DYFS Abuse Findings Must Be Based on Specific Harm or Substantial Risk of Harm


In a recent unpublished decision, DYFS v. S.S. the Appellate Division reversed a finding of abuse and neglect when the proofs showed that the mother separated from an abusive partner who may have been involved in illegal drug activity when DYFS became involved.  In this case, the police raided a house, performed a search pursuant to a warrant and discovered a home replete with illegal drugs.  However, the mother and month-old baby were found in the home, free of the smell of drugs, and the baby was unharmed.

The Court reiterated the principle that the purpose of DYFS substantiations is “to determine whether the child has been actually injured or placed emotionally or physically at risk in some significant way”.  That must be the focus when defending DYFS cases – the actual harm or SUBSTANTIAL risk of harm.

The S.S. Court further noted that mom voluntarily complied with DYFS services and had regained custody at the time the fact finding hearing commenced.  Thus, the sole reason for the Fact Finding hearing was so that DYFS could maintained the mother’s name on the Child Abuse Central Registry.  That purpose was criticized by the Appellate Division, inasmuch as mom had significantly alleviated the conditions leading to DYFS involvement by the time the Fact Finding hearing commenced.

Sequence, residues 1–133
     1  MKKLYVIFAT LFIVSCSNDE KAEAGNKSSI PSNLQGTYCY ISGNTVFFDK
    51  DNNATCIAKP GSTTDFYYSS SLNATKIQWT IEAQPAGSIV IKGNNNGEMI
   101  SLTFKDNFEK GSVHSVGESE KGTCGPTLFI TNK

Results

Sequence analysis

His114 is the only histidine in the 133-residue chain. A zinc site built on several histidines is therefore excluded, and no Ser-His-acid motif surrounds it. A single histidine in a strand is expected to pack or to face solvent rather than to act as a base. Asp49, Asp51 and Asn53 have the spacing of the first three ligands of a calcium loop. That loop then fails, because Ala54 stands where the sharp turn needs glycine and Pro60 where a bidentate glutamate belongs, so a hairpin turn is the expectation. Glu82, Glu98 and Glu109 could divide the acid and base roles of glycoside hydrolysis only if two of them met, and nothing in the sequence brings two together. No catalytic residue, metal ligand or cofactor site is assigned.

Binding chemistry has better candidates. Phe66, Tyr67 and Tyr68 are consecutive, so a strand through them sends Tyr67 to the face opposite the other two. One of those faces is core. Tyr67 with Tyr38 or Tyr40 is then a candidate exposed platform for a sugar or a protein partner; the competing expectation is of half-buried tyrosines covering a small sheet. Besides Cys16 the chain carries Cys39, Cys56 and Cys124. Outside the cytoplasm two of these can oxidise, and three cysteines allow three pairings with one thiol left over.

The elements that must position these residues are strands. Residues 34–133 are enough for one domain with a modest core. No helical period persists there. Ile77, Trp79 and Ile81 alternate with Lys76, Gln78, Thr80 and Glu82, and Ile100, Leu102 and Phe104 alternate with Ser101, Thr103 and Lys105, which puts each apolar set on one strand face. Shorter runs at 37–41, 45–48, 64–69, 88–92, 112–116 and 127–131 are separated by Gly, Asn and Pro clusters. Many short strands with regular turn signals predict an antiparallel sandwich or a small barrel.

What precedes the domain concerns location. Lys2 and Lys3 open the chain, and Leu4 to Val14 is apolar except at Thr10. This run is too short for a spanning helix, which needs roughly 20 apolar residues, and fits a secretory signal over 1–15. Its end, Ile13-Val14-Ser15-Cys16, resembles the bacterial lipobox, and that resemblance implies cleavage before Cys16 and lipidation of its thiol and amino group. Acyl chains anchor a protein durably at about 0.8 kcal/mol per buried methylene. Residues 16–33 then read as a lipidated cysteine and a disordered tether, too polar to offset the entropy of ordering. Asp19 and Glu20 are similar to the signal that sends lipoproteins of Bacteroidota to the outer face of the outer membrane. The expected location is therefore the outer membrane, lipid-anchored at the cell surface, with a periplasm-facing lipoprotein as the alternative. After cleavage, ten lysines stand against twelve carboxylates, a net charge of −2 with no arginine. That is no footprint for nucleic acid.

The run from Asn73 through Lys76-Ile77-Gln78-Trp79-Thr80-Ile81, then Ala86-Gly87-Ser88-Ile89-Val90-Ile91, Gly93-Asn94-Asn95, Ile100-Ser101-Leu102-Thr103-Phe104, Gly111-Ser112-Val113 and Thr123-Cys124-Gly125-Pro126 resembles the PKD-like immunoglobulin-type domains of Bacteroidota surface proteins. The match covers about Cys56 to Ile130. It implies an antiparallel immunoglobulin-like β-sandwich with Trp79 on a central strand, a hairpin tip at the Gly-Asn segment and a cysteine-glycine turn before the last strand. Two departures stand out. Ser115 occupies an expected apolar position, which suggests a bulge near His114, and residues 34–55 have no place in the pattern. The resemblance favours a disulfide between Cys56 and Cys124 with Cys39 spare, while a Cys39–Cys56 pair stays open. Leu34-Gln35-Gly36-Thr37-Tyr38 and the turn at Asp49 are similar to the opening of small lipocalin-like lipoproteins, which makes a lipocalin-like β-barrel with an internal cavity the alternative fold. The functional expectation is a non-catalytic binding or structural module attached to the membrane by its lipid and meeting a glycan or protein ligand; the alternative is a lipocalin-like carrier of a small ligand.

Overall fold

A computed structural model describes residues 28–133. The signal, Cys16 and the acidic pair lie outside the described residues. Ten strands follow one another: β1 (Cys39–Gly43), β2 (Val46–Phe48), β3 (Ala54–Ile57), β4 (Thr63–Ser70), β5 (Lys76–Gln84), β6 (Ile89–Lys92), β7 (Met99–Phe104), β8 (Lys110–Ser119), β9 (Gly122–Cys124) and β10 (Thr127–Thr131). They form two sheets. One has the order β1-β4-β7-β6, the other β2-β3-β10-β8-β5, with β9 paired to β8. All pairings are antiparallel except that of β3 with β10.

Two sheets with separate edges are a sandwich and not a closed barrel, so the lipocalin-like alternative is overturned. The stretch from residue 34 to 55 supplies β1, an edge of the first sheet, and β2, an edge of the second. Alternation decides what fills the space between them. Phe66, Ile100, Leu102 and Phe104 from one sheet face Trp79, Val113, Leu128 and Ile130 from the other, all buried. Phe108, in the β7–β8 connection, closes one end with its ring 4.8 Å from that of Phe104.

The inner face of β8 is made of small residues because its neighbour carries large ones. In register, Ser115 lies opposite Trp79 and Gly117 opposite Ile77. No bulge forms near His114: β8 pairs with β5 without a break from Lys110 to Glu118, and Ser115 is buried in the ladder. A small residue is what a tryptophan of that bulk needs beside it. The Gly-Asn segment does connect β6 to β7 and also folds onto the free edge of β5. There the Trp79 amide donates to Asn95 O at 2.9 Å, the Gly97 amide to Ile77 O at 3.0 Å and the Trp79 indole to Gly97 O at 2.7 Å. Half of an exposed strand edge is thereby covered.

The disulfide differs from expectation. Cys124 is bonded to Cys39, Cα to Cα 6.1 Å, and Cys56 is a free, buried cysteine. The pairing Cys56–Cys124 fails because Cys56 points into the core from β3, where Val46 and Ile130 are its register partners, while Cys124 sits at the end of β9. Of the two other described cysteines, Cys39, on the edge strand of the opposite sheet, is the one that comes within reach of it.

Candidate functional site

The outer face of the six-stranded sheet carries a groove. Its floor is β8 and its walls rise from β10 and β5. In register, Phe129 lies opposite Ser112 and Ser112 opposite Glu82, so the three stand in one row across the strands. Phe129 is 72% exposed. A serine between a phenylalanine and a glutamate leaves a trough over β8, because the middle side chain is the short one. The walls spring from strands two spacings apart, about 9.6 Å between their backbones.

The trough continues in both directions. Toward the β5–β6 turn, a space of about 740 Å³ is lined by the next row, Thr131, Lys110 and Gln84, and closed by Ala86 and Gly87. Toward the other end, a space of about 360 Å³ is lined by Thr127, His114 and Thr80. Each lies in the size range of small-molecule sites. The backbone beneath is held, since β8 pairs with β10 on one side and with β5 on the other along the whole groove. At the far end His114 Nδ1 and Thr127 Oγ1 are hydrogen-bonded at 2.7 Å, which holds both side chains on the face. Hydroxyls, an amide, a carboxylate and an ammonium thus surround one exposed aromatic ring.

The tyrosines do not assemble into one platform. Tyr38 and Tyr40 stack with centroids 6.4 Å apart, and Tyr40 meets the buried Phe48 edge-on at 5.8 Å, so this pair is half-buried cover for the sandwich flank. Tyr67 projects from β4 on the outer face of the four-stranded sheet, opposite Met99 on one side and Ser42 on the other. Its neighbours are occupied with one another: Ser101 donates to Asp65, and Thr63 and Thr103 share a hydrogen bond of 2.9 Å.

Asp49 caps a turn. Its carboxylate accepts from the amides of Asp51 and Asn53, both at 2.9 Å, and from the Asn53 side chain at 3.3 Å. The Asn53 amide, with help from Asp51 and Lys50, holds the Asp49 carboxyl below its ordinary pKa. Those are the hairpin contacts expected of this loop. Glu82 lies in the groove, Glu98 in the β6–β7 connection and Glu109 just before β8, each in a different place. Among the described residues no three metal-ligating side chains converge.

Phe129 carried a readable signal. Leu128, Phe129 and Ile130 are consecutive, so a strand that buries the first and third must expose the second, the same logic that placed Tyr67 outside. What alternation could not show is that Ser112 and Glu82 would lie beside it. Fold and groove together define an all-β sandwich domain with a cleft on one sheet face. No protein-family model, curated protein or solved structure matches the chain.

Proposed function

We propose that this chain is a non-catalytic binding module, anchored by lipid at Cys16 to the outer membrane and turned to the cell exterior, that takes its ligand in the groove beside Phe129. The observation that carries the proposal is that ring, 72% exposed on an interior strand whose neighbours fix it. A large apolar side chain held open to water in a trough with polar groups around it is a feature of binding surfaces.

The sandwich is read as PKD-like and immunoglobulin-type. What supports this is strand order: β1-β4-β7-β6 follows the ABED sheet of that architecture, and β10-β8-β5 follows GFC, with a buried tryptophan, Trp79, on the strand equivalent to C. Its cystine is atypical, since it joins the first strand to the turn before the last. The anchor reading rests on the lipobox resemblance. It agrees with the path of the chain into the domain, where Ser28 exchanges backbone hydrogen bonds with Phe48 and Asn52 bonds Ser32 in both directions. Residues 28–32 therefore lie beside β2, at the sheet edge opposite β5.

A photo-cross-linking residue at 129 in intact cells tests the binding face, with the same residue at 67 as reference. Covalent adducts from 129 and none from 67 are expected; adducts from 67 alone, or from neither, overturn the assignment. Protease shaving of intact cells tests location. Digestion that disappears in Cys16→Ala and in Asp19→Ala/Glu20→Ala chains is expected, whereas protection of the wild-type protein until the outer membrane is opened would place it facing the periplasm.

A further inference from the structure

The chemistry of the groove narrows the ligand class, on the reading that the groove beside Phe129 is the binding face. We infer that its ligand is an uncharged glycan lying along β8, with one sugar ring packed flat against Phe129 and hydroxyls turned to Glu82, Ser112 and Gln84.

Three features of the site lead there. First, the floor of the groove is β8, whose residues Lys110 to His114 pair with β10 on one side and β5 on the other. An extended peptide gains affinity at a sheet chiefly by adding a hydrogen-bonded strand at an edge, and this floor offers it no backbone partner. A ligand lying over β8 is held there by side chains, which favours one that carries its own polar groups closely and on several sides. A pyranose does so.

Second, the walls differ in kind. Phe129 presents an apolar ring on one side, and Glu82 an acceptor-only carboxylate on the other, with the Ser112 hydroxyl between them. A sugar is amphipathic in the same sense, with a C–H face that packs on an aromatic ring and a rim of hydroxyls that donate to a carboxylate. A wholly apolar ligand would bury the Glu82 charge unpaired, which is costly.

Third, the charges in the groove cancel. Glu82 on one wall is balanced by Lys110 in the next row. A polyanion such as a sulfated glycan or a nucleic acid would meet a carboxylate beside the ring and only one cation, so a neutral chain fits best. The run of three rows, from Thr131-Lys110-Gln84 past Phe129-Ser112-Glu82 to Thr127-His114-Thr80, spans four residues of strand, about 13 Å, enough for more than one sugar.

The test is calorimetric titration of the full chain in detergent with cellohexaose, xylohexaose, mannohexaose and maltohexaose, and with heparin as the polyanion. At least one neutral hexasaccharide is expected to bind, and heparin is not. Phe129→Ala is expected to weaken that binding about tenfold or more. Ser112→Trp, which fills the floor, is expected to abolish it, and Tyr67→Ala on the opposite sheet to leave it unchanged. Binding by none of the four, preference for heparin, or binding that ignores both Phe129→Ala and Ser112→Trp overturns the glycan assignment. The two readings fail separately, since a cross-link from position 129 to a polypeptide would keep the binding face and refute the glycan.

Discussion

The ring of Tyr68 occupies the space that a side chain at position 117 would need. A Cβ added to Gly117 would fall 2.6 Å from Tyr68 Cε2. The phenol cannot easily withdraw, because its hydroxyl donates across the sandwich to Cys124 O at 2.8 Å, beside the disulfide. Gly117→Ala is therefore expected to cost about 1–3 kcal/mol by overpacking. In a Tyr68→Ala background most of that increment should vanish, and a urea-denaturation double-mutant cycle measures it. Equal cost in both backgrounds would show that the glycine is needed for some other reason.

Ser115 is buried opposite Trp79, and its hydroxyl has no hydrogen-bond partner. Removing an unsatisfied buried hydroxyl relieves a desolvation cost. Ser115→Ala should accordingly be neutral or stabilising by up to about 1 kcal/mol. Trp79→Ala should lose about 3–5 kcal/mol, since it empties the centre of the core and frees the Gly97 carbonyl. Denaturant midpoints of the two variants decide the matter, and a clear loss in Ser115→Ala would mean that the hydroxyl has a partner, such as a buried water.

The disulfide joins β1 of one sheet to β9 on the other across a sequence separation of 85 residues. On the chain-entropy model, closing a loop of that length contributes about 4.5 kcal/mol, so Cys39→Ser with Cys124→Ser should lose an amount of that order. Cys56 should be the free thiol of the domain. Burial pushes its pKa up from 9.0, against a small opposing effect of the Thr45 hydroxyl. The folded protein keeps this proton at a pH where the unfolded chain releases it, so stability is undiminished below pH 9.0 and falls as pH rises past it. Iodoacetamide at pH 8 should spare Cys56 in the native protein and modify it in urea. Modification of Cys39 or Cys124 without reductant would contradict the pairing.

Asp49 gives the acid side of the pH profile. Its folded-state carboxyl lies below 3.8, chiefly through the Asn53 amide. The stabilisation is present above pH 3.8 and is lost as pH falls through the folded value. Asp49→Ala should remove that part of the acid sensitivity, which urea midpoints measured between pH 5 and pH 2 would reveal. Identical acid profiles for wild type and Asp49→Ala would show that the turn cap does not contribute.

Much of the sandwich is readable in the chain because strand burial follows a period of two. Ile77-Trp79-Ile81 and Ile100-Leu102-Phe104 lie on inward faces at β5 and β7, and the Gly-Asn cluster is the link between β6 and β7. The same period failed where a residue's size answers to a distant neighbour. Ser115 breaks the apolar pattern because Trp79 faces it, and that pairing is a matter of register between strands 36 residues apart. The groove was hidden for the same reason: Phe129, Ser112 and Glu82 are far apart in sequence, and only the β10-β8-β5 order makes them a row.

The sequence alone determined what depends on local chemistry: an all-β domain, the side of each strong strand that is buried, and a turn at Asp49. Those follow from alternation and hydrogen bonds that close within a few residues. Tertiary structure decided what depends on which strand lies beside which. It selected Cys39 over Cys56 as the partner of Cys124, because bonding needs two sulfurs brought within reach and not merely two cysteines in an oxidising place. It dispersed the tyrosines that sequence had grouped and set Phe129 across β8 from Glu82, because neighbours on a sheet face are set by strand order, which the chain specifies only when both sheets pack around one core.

So, again, defense counsel is left with this conundrum.  Do you advise the parent to cooperate with DYFS to expedite reunification and hope the agency capitulates?  Or, do you advise the parent to defend from the outset and prevent DYFS from gathering additional information vis-a-vis the services offered?  There is no simple answer.  One option is to have the parent submit to services, with an agreement that they will not used against the parent in the Fact Finding hearing.  But, some judges will not enforce this agreement, if DYFS learns information to support its finding at trial.

In cases where the parent is clearly being brought along for the ride with a problematic partner, cooperation with DYFS may yield expedited reunification and offer a greater defense at trial.  This S.S. decision certainly gives defense counsel strong incentive to recommend cooperation with DYFS in these limited circumstances.

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